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Naira gains as traders expect sustainable appreciation

The Naira, on Thursday gained a total of five points to close at 380 to the dollar, compared to 385 it sold on Wednesday at the parallel market.

The local currency, also appreciated against Pound Sterling at 485, against 490 sold on the previous day, while Euro remained unchanged at 420 at the unofficial market.

It, however, was steady at the interbank market where it was quoted at 305.45 the same rate it has been trading since Tuesday, but better than 305.60 sold on the first trading day of the week.

At the Bureau De Change (BDC) window, the Naira was sold at N362 to the Dollar, while the Pound Sterling and the Euro closed at N495 and N423.

The naira also strengthened further at the Investor and Export window, with an opening rate of 382 against 382.69 earlier in the week and closed at 383.11 an improved rate compared to 383.17it closed within the week.

Consequently, foreign exchange dealers believed that the naira is seen trading within a narrow range on the back of central bank injection of dollars to improve liquidity and narrow the spread between official and black market rate.

The local currency, was quoted at 382 per dollar at the investor’s window where they could trade foreign exchange at rates set by buyers and sellers, according to the market regulator FMDQ OTC Securities Exchange.

A senior currency trader quoted as saying: “We see naira trading within the prevailing rate as the central bank sustains its dollar sales in the coming week.”

It would be recalled that the CBN had injected $457.3 million into various segments of the forex market earlier in the week, making the local currency on Tuesday appreciated to 383 to US dollar, against 386 traded on Monday at the parallel market.

The CBN Spokesman, Mr. Isaac Okorafor in a statement in Abuja, said that both the spot and forwards segments garnered 267.3 million dollars, while the wholesale segment got 100 million dollars.

Okorafor said the Small and Medium Enterprises (SMEs) and Invisibles segments comprising basic travel allowance, tuition fee and medical got 50 million dollars and 40 million dollars respectively.

However, checks on the volume of trading on the Investors and Exporters foreign exchange window in the past three weeks on the FMDQ platform revealed that 600 million dollars had been sold by both the CBN and autonomous sources.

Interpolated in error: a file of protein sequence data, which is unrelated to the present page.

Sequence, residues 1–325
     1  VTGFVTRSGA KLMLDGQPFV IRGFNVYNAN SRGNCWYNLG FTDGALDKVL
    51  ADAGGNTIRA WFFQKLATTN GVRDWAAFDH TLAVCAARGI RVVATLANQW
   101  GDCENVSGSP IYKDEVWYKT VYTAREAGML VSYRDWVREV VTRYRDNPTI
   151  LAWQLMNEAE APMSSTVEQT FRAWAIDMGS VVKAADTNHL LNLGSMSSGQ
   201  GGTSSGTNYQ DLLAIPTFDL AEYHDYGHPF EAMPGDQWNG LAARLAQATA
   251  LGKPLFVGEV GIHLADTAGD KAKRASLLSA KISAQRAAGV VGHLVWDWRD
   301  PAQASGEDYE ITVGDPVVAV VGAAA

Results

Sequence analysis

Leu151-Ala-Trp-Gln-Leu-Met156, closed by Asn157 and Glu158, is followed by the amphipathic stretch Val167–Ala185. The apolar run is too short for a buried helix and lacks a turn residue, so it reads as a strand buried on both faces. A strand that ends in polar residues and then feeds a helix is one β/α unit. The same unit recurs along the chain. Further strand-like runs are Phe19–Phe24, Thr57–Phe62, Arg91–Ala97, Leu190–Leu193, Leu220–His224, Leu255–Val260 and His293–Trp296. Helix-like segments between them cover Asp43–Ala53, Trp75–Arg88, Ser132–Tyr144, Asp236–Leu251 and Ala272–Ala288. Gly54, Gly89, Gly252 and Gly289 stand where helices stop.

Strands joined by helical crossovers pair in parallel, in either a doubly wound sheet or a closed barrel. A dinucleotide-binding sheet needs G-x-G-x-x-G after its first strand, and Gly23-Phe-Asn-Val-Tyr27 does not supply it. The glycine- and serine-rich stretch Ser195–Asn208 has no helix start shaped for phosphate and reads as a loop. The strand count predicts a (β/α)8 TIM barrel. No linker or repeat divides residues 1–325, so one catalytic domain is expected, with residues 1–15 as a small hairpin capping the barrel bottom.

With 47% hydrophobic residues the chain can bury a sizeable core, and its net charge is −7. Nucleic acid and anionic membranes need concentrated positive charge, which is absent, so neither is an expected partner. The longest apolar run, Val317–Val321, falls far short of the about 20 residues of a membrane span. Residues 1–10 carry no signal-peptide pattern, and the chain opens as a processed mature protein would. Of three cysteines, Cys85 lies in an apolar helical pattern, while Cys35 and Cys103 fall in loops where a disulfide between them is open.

Meanwhile, despite the continuous forex intervention by the apex lender, the nation’s external reserves still stood at $ 30.72 billion but against $30.99 billion on May 4, 2017, which moved to $30.78 billion on May 15, 2017, the latest figure on the CBN’s website has shown.

For the days under review, the nation’s foreign reserves almost crossed the $30 billion mark to $31 billion on May 4, 2017, following increased inflow from Oil revenue, among others. Finance experts had attributed the decline to recent windows introduced by CBN, stressing that foreign reserves might deep further in coming days.

The CBN last month opened a new special foreign exchange window dedicated to investors, exporters and end users.

In a circular titled Establishment of Investors and Exporters Window, the CBN claimed this new window was introduced to boost liquidity in the foreign exchange market and ensure timely execution and settlement of eligible transactions.
CBN in the same month unfolded yet another policy measure, stating that it has opened a special foreign window for small and medium scale enterprises (SMEs).
The CBN on Monday injected $457.3 million into various segments of the foreign exchange market on Monday.
Commenting on this development, Managing Director, Cowry Asset Management Limited, Mr. Johnson Chukwu, said it is as a result of recent intervention by the CBN.
He said, “You have heard that CBN has opened a number of foreign exchange windows. There have been a number of interventions such as the retail and wholesale windows.
“The CBN opened a window for exporters and investors and meeting these demands would certainly have exerted pressure on the demands. It is basically because of the help the CBN is doing,” he said.
When asked if the situation may persist, he said “It depends. I think the CBN will manage it. They would not allow the reserve to dip materially.”
According to him, a way to sustain the foreign reserves is to liberalise the market and have a continuous improvement in the foreign exchange policy.
He said, “There should be continuous improvement in the Foreign Exchange policy. If you cast your mind back to 2005, foreign inflow was about $20 billion in terms of capital importation and foreign portfolio.

 

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